Deathly days out: Forensics at the Wellcome Collection

Image: Wellcome Collection

Image: Wellcome Collection

How did the first crime scene investigators find clues? What can an autopsy tell us about a person’s last moments? If a body is stuffed into a suitcase, can maggots still get to it?

These questions and more are answered in a brilliantly morbid exhibition at the Wellcome Collection in London (billed as the destination of choice for the “incurably curious”). Forensics: the Anatomy of Crime takes you on a journey over five rooms from crime scene to morgue, to laboratory and courtroom, exploring the many unusual ways forensics experts uncover evidence.

Of course, we at Deathly Ponderings just had to go along! It was utterly fascinating, and provided a rare look at real forensic items and techniques as well as historic photographs and archive material of some of the Victorian era’s most grizzly murders.

Image: Wellcome Collection

Image: Wellcome Collection

Bizarrely, the first thing we saw was an oddly-adorable dolls’ house. On further inspection, it was a mini model of a crime scene, known as a “nutshell study”: a brutal diorama used to teach criminology students in the skills of observation and inference.

The personal highlight for me was the “morgue” room, with specimens of skulls and brains with bullet wounds, and an original marble dissection table from the 1920s. You can sit and gaze at this slab while listening to the squelchy hacking sounds of a recorded autopsy, which makes for quite an unsettling experience.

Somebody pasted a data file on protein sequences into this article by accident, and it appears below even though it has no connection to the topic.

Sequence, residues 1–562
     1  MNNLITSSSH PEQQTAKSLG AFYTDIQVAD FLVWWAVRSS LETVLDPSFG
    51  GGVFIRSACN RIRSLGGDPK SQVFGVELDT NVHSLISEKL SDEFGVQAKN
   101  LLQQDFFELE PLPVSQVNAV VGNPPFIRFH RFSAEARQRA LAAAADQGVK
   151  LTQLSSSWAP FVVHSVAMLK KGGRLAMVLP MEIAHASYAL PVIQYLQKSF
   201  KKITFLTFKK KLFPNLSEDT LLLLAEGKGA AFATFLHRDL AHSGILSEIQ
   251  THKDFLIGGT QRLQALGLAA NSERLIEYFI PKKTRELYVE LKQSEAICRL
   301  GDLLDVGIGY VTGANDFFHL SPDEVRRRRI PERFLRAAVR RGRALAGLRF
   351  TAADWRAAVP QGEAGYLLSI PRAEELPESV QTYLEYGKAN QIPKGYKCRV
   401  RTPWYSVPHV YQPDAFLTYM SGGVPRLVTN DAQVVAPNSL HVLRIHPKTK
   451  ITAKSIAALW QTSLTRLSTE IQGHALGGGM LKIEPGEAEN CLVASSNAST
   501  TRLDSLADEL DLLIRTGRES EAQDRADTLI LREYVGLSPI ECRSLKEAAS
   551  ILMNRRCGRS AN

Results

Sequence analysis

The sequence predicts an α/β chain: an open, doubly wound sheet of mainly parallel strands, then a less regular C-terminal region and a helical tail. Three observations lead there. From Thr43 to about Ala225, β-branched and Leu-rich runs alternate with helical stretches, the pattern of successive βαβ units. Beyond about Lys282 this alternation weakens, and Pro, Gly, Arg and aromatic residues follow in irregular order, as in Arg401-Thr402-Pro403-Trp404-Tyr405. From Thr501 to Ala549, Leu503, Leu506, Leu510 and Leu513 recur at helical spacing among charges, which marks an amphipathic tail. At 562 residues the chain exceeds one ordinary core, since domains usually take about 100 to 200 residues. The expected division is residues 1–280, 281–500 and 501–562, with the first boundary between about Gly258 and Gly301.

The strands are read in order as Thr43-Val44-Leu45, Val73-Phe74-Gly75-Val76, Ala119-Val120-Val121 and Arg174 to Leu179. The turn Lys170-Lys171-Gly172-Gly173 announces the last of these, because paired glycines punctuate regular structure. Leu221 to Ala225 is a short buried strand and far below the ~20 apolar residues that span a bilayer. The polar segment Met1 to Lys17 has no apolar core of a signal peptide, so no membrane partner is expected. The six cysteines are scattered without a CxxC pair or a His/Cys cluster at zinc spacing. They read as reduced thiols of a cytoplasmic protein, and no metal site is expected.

Videos throughout the exhibit examine some of the questions about the forensics process, including one from the ever-wonderful Carla Valentine of St Bart’s Pathology Museum.

Image: Wellcome Collection

Image: Wellcome Collection

As well as forensics, the exhibit looked at how people respond to death, with sculptures inspired by victims of genocide and the intriguing Japanese art of Kusōzu, delicate paintings showing the body of a young woman in various stages of decomposition.

I don’t want to give too much else away, because this is an exhibition full of fascinating little details and you really need to experience it to get the full sense of being immersed in the world of forensics for a couple of hours. While you’re at the Wellcome Collection, the exhibitions on the other floors are also definitely worth checking out: I recommend the room of miscellanea from Henry Wellcome’s personal collection, including shrunken heads, preserved mummies and Napoleon’s toothbrush.

The exhibition is free and open Tuesdays-Sundays until 21 June. If you’re going to the Digital Legacy Conference looking at death and grief in the digital age, the Wellcome Collection is just around the corner, so you can do both!


Looking for deathly jewellery and pins for all the family?


pennyThen look no further! I recently commissioned some pieces from the wonderful Alison Atkin, the lady behind Penny Darlings, and I wanted to write a small review as I have been completely delighted with the results.